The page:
Hobart

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The old and the new – Golden Princess can be seen with a sailing ship along side. We berthed close to the town, which allowed for a short walk to many places of interest.

DSC09823rA touch of yesteryear where ever we looked.

DSC09804rcMany of the streets and homes reminded me of New Zealand, quiet and civilised.

DSC09809rcWe did a hop on hop off bus tour to get a feel of the place – with a population of just under 250,000, most streets were quiet. To be fair it was a Sunday.

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DSC09812r We were still in Hobart  . . . not bad for a capital city of a State.

DSC09829rcA blast from the past at the traffic lights.

DSC09820rYou couldn’t fault the locals – they began brewing beer in 1824 and the same brewery is still brewing beer – Cascade Brewery, a well known drop that I drink in Sydney.

DSC09797rBack to the waterfront area – Flying Angel – Mission to Seafarers. When I was at sea in the 60’s it was called Mission to Seamen, but even the Mission has to be correct in today’s PC world.

DSC09862r All our yesterday’s

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Plenty of memorials around the harbour area.

DSC09876rcThis plaque was just a taste of what we would experience the following day at Port Arthur. (see my previous blog).

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Statues near the ‘Footsteps’ plaque.

DSC09871rcStatue of Louis Charles Bernacchi 1876 – 1942.

Louis Charles Bernacchi taking a self portrait with one of his dogs before leaving for the Antarctic. I cropped the picture from a photograph that I took, because it had a young boy in the picture, and I didn’t know him, and I could tell that he wasn’t going to move.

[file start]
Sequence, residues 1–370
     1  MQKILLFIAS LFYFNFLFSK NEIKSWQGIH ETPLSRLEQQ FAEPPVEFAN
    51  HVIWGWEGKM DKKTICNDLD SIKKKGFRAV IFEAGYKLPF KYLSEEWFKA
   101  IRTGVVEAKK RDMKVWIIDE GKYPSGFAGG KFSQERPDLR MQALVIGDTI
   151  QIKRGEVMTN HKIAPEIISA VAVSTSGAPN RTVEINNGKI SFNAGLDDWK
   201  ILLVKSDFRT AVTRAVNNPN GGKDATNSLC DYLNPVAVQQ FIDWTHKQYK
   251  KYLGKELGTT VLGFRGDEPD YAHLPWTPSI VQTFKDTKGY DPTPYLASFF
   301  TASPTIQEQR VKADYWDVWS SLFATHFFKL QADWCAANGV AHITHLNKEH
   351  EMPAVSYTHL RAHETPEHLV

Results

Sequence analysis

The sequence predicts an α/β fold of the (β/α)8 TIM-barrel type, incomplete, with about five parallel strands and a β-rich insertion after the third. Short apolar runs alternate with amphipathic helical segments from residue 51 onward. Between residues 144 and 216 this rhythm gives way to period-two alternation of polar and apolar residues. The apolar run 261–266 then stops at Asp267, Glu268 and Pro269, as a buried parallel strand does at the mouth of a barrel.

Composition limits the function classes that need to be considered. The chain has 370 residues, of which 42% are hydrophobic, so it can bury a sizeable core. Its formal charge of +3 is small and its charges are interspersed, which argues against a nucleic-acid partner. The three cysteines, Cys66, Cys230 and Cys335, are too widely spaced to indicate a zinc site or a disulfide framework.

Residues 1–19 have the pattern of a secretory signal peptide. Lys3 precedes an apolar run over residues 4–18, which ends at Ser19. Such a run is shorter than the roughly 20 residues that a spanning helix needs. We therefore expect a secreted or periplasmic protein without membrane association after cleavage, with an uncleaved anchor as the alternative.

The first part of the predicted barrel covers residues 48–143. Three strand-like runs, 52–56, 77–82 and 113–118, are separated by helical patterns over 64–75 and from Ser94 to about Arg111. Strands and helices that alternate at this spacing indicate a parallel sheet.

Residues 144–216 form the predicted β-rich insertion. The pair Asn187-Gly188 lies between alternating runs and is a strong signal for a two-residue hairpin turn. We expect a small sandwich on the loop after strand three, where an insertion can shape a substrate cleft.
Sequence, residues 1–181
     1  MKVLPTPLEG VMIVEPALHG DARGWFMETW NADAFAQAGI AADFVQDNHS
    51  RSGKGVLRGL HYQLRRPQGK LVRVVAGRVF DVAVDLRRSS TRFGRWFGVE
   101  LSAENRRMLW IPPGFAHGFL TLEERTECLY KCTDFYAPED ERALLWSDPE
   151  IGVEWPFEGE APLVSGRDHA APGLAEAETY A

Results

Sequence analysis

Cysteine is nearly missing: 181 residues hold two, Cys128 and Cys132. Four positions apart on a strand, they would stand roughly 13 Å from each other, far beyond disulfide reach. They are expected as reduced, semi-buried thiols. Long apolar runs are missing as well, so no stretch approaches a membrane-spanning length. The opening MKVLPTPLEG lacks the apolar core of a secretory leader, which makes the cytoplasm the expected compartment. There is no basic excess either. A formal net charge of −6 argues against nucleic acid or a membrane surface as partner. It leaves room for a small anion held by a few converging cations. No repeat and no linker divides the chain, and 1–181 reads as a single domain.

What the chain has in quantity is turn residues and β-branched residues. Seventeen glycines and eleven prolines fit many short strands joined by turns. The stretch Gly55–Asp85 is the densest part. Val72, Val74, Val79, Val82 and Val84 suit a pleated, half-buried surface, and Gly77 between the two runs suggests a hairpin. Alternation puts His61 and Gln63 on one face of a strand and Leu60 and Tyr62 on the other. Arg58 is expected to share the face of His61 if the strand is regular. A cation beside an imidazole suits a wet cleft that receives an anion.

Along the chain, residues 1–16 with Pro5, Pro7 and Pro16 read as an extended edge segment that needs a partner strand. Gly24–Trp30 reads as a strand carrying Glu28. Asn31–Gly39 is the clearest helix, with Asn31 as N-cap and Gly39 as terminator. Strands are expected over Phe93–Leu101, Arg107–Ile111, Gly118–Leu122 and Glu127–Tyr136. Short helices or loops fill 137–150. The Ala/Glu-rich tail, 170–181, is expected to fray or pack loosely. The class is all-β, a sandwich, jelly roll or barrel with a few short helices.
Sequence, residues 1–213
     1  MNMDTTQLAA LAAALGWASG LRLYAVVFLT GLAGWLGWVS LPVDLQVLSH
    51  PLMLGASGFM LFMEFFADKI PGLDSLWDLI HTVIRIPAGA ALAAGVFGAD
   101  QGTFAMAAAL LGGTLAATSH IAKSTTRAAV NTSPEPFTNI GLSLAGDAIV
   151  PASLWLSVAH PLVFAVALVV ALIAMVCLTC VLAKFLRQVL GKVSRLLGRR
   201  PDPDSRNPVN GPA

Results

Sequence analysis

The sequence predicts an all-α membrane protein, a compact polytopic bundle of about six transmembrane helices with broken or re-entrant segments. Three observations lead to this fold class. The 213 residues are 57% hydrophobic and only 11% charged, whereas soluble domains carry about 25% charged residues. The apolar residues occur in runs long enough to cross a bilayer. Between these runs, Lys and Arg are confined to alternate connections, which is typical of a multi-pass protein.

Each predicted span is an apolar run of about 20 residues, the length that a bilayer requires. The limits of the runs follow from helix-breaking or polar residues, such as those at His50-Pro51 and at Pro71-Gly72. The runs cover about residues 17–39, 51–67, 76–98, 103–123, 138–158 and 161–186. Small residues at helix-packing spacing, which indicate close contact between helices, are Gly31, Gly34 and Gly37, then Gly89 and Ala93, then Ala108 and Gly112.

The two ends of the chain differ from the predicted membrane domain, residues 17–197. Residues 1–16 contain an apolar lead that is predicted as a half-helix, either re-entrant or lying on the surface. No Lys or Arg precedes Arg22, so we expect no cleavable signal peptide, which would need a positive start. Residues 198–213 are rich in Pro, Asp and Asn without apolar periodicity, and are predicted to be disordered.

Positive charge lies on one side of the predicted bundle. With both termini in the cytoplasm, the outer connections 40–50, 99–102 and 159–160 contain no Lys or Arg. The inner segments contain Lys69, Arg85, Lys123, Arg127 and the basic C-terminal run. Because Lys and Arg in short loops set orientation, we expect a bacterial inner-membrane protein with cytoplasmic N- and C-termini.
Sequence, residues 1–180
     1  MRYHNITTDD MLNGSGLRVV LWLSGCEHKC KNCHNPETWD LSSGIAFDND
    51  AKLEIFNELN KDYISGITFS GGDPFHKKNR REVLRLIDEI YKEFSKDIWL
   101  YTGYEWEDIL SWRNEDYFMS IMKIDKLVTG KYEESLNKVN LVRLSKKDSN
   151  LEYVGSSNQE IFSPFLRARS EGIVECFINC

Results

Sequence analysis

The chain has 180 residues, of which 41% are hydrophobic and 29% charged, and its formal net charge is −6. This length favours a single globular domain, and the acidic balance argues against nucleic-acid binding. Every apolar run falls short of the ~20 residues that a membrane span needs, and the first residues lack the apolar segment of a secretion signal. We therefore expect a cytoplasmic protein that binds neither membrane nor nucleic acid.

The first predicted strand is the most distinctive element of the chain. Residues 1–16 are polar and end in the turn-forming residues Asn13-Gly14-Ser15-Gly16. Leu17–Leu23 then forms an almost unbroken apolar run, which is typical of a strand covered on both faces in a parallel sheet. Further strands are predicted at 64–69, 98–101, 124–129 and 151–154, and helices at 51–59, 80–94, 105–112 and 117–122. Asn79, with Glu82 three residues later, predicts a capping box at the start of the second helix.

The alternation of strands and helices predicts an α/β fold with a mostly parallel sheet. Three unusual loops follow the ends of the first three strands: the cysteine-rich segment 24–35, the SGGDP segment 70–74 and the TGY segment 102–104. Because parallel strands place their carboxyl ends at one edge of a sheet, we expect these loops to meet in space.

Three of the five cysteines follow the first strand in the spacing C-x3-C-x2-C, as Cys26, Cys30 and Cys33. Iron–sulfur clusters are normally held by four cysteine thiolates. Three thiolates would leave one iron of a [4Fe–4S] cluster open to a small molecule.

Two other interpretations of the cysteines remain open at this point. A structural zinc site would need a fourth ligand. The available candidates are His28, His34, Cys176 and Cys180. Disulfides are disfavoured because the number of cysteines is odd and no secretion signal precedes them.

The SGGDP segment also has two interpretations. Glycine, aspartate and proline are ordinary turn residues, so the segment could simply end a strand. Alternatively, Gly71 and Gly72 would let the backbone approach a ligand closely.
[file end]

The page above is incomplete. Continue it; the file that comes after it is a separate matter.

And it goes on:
Bernacchi-Statue The above is from a Hobart travel site, which is the full picture that I wanted.

Louis_CLouis Bernacchi with one of his dogs. I Found the picture on the internet.

He was Belgium by birth, and arrived in Australia when he was seven, and grew up in Australia.

Robert Scott was Bernacchi’s best man at his wedding, and Scott invited Bernacchi to join his ill-fated expedition to the South Pole – Bernacchi turned him down.

DSC09864rcA few feet away from a great explorer we had a steam crane, built in 1899. Notice the boiler at the rear, which supplied the steam to drive the crane.

DSC09825rcSir Douglas Mawson 

 Check him out via the above link, particularly if you come from Yorkshire . . .

We missed the markets in Salamanca because they are held on Saturday.

DSC09854rWhat we saw

ATDW_Extra_Large_Landscape__9116616_OP2013_Salamanca_May_2010_035_wwdayvlWhat we’d hoped to see, but we were a day late. Picture off Tasmanian tourist site.

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The small bars and restaurants were doing a good trade.

DSC09858rcThe best time to go shopping – when most places are closed – think of the saving.

DSC09857rAt the rear of the area when Maureen is standing.

IMG_0139rClose up thanks to V.I

DSC09859rcAnother blast from the past.

IMG_0141rWrapping your trees in a woollen jacket must be a Tasmanian thing . . . thanks V.I

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On a positive note the Tasmanians have not forgotten their roots – note the Dutch flag for Abel Tasman. Picture from V.I.

Abel-tasman1903Abel Tasman who started it all. (picture off the internet)

 

 

 

 

 

 

 

Author: 1944april

Traveled a great deal - about 70 countries - first foreign country I suppose was Wales, which was only 80 miles away from where I was born. Visited each Continent, except Antarctica, and I doubt that it is on my bucket list - too cold. I love Asian food, Australian wine & British beer & trying to entertain by writing.

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